Within the core chapters, the Mohists consistently portray Heaven as if it possesses personal characteristics and exists separately from human beings, though intervening in their affairs. In particular, they present Heaven if it is an entity having will and desire, and concerned about the welfare of the people of the world, even a providential agent that rewards the just and punishes the wicked through its control of natural phenomena or by means of its superhuman intermediaries, the spirits (guishen). Finally, Heaven and the spirits are also portrayed as the objects of reverence, sacrificial offerings and supplication (“Heaven’s Will” B).
Apart from the earlier mentioned role of Heaven’s will in providing a criterion for what is morally right, the Mohists also blame people’s loss of belief in the existence, power and providential character of spirits for the perceived immorality and chaos of their time. This motivates them to argue that such spirits do exist in “Elucidating the Spirits.” But the Mohists’ considered position with regards to the existence of providential spirits as opposed to the usefulness of a widespread belief in their existence is an ambiguous one at best. While the first parts of “Elucidating the Spirits” seem aimed at establishing that the spirits exist (by appealing to the testimony of people sense of sight and hearing), the bulk of the arguments in the chapter are better taken as attempts to show that it is socially and politically beneficial that people in general believe in the existence of providential spirits and that the government organize its affairs on the basis that they exist. As the text puts it:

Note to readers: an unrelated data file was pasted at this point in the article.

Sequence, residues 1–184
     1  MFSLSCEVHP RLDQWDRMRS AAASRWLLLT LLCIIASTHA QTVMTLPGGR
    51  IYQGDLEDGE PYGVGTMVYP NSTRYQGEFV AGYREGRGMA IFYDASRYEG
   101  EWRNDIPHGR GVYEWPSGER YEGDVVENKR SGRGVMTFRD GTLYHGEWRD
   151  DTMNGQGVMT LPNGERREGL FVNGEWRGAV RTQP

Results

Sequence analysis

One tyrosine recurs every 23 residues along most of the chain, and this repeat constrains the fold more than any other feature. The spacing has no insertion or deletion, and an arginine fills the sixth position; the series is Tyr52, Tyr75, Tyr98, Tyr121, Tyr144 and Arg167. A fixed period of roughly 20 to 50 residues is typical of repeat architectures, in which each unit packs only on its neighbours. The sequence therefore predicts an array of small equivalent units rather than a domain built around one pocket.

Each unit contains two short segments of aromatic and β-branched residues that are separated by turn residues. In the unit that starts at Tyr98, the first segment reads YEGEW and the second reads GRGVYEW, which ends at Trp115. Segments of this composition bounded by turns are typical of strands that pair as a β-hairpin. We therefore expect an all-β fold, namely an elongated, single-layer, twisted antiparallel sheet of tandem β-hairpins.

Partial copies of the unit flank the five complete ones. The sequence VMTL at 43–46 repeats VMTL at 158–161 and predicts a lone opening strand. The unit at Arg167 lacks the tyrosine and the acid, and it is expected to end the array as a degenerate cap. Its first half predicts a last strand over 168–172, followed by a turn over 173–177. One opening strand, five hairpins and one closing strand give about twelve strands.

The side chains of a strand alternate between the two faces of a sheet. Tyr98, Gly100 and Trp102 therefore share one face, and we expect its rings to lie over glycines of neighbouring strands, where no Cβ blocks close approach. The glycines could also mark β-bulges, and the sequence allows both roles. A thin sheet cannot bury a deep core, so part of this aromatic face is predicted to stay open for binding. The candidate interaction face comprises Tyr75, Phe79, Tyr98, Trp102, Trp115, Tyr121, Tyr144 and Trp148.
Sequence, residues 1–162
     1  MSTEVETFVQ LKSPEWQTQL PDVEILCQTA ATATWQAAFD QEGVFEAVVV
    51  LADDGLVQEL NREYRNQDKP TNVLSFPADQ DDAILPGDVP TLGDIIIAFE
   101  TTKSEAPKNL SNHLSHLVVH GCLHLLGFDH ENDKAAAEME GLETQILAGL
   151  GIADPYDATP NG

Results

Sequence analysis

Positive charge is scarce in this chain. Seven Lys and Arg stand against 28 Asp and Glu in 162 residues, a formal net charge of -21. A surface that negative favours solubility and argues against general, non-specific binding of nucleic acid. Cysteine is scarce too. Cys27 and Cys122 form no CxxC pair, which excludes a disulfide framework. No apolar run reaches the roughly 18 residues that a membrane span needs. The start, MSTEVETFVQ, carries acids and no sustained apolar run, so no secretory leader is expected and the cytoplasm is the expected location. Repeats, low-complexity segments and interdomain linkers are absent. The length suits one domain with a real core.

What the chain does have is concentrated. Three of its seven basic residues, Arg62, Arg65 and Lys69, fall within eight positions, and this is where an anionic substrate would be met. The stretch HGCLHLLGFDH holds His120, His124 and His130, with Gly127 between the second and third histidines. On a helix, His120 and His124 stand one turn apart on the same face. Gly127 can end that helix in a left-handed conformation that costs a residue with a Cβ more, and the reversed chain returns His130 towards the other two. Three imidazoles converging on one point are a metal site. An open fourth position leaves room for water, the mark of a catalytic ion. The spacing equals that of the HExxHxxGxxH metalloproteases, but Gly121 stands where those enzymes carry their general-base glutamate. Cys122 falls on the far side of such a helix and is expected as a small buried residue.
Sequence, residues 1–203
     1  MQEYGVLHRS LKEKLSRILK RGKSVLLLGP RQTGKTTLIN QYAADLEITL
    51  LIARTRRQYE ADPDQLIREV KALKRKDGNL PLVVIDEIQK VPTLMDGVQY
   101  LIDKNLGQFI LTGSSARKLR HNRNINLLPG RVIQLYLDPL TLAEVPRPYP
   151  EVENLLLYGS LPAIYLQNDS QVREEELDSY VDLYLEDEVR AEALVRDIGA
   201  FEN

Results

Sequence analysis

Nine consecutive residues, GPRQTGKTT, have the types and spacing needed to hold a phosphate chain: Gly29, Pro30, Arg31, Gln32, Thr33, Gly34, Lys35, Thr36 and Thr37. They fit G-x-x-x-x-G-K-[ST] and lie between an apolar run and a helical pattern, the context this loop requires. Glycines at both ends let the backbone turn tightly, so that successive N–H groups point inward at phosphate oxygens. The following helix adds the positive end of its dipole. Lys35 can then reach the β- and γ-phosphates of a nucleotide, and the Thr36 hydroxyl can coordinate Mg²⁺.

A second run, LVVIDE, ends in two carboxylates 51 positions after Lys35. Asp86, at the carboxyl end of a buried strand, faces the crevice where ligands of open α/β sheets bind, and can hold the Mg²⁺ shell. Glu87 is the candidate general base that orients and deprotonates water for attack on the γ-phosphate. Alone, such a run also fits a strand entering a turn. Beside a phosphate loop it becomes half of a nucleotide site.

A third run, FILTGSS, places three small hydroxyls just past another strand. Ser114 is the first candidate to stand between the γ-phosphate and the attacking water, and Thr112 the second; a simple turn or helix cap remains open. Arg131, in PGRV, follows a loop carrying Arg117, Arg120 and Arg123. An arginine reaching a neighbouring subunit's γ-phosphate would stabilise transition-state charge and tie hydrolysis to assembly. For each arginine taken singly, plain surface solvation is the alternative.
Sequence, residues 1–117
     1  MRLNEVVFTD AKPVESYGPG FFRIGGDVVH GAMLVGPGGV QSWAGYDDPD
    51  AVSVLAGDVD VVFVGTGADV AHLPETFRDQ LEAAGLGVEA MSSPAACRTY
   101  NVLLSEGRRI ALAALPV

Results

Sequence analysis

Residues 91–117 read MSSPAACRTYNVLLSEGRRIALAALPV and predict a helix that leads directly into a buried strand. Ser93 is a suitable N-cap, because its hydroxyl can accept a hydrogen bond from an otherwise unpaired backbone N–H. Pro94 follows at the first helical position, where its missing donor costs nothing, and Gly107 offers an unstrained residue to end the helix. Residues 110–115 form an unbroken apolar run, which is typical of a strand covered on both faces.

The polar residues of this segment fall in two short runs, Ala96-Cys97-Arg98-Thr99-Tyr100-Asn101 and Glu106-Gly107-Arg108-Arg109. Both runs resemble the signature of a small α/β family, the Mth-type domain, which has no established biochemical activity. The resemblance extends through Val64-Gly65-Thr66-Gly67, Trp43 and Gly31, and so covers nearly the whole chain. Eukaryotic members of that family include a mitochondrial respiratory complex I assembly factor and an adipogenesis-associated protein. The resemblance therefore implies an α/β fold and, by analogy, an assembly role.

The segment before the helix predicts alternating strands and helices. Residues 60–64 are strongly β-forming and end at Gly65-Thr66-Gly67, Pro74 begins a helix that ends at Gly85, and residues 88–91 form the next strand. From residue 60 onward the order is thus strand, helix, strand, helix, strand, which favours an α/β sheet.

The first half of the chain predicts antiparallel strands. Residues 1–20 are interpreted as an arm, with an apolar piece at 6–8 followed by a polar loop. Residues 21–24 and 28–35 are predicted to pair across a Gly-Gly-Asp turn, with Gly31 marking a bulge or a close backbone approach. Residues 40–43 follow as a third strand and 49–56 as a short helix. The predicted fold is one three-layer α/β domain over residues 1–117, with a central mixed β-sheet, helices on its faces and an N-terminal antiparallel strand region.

If the fact that ghosts and spirits reward the worthy and punish the evil can be made a cornerstone of policy in the state and impressed upon the common people, it will provide a means to bring order to the state and benefit to the people.
In this regard, an argument that appears towards the end of the chapter is most telling. To the objection that the doctrine on spirits entails the need to sacrifice to them, which in turn interferes with one’s duties towards one’s living parents, the Mohists reply that if the spirits do exist, then the sacrifices cannot be considered a waste of resources; but if they do not exist, then the community can still come together to share in the communion of the sacrificial wine and millet and the sacrifice will still serve a socially useful function. The argument implies that what the Mohists are ultimately concerned to argue for is neutral with respect to whether or not providential spirits actually exist, as the author and Benjamin Wong have pointed out.
National University of Singapore
Last updated: November 7, 2007 | Originally published: November/07/2007
Article printed from Internet Encyclopedia of Philosophy: http://www.iep.utm.edu/mozi/